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How to track database file growth over a period of time?
Last updated: December 8th '01 | Best viewed with: All popular browsers | Best viewed at: 1024x768 | Links to external sites will open in a new window

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In this article I am going to explain, how to track file growths, especially the database files. First of all, why is it important to track database file growth? Tracking file growth, helps you understand the rate at which your database is growing, so that you can plan ahead for your future storage needs. It is better to plan ahead, instead of running around when you run out of disk space, isn't it? So, how can we track file growths? There are a couple of ways.

The first approach:
SQL Server BACKUP and RESTORE commands store the backup, restore history in the msdb database. In this approach, I am going to use the tables backupset and backupfile from msdb to calculate the file growth percentages. Whenever you backup a database the BACKUP command inserts a row in the backupset table and one row each for every file in the backed-up database in the backupfile table, along with the size of each file. I am going to use these file sizes recorded by BACKUP command, compare them with the previous sizes and come up with the percentage of file growth. This approach assumes that you do full database backups periodically, at regular intervals.

Click here to download the procedure sp_track_db_growth. Run the script in your master database to create the procedure. Once it is created, you can invoke it from any of your user databases. It accepts an optional parameter @dbnameParam. If this parameter is not specified, the procedure will work with the current database. Here is how you use it:

Example 1:
To see the file growth information of the current database:
EXEC sp_track_db_growth
GO


Example 2:
To see the file growth information for pubs database:
EXEC sp_track_db_growth 'pubs'
GO


You will see the following columns in the output:

Date Time Database Name Filegroup Name Logical Filename Physical Filename File Size (MB) Growth Percentage (%)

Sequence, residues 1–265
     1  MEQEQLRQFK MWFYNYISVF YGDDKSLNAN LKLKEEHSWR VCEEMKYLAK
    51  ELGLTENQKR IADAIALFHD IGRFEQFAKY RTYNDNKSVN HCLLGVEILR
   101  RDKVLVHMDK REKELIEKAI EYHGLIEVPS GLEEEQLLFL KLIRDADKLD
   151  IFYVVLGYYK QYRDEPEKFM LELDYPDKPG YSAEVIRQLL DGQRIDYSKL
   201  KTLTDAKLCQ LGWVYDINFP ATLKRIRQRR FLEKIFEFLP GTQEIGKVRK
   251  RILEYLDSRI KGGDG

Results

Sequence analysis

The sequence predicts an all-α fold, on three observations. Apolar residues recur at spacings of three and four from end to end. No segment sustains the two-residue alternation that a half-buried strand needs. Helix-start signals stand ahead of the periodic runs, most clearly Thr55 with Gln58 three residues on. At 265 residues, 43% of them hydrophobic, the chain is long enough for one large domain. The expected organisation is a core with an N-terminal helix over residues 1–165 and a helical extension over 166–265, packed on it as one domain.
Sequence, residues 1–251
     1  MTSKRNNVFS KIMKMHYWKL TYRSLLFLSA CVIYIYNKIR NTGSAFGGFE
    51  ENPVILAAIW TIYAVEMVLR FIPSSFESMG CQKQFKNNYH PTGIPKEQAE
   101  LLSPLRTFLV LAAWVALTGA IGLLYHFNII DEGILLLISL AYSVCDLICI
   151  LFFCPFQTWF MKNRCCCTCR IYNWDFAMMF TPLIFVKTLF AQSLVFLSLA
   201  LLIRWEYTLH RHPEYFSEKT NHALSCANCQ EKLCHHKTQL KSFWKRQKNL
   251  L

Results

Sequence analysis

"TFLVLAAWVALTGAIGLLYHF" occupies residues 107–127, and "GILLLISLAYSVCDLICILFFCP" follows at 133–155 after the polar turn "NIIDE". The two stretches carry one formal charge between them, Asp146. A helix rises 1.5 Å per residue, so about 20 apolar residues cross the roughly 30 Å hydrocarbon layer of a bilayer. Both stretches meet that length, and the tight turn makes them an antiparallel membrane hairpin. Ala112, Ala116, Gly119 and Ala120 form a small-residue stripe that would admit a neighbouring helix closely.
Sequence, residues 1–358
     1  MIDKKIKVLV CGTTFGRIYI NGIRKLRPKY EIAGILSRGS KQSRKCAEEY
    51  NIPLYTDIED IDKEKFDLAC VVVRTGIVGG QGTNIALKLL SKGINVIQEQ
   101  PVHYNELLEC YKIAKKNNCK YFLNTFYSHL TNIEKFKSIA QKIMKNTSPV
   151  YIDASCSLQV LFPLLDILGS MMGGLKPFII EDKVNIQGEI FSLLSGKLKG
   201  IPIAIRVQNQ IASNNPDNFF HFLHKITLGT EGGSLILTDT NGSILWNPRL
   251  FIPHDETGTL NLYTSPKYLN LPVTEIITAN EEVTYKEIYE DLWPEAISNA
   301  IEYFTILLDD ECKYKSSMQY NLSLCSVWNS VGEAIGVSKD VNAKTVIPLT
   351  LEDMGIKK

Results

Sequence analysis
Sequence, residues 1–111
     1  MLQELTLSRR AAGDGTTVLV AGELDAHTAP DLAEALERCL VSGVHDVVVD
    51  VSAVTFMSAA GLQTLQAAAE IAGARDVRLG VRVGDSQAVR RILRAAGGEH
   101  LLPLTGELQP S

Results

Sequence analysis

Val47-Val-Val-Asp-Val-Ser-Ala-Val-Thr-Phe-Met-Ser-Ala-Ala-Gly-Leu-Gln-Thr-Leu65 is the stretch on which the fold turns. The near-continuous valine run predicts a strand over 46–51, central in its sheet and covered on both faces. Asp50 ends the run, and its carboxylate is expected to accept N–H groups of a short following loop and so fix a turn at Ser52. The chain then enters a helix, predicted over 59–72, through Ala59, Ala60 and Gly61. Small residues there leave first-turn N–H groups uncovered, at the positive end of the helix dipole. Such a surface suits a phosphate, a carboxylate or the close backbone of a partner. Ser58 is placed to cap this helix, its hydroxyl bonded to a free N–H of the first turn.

Most of the column names are self-explanatory. The columns of interest are 'File Size (MB)' and 'Growth Percentage (%)'. The column 'File Size (MB)' indicates the size of that particular file on that particular date and time. The column 'Growth Percentage (%)' indicates the rate at which the file grew, since the previous full-database backup. A negative number in this column indicates that the file reduced in size since the last backup, possibly because of database shrinking. A NULL in this column indicates that there is no previous information available, to compare with.

This procedure might run a little slow if your backup history tables are huge. You might want to cleanup these backup history tables from msdb once in a while, by running sp_delete_backuphistory. See SQL Server Books Online for more information.

Any comments, suggestions and feedback is welcome! Let me know how this stored procedure performs in your environment! 

The second approach:
SQL Server 2000 now supports new events like Data File Auto Grow, Data File Auto Shrink, Log File Auto Grow, Log File Auto Shrink. You might want to monitor these events by using the trace stored procedures. Consult SQL Server Books Online for more information on trace stored procedures.

The third approach:
The sysfiles system table in each database stores the current size of each file in the database. You could periodically monitor the file sizes from this table and record them in another table for further calculations and analysis. Mark Allison has some useful scripts at his site.
Check it out!


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Copyright 2001 Narayana Vyas Kondreddi. All rights reserved.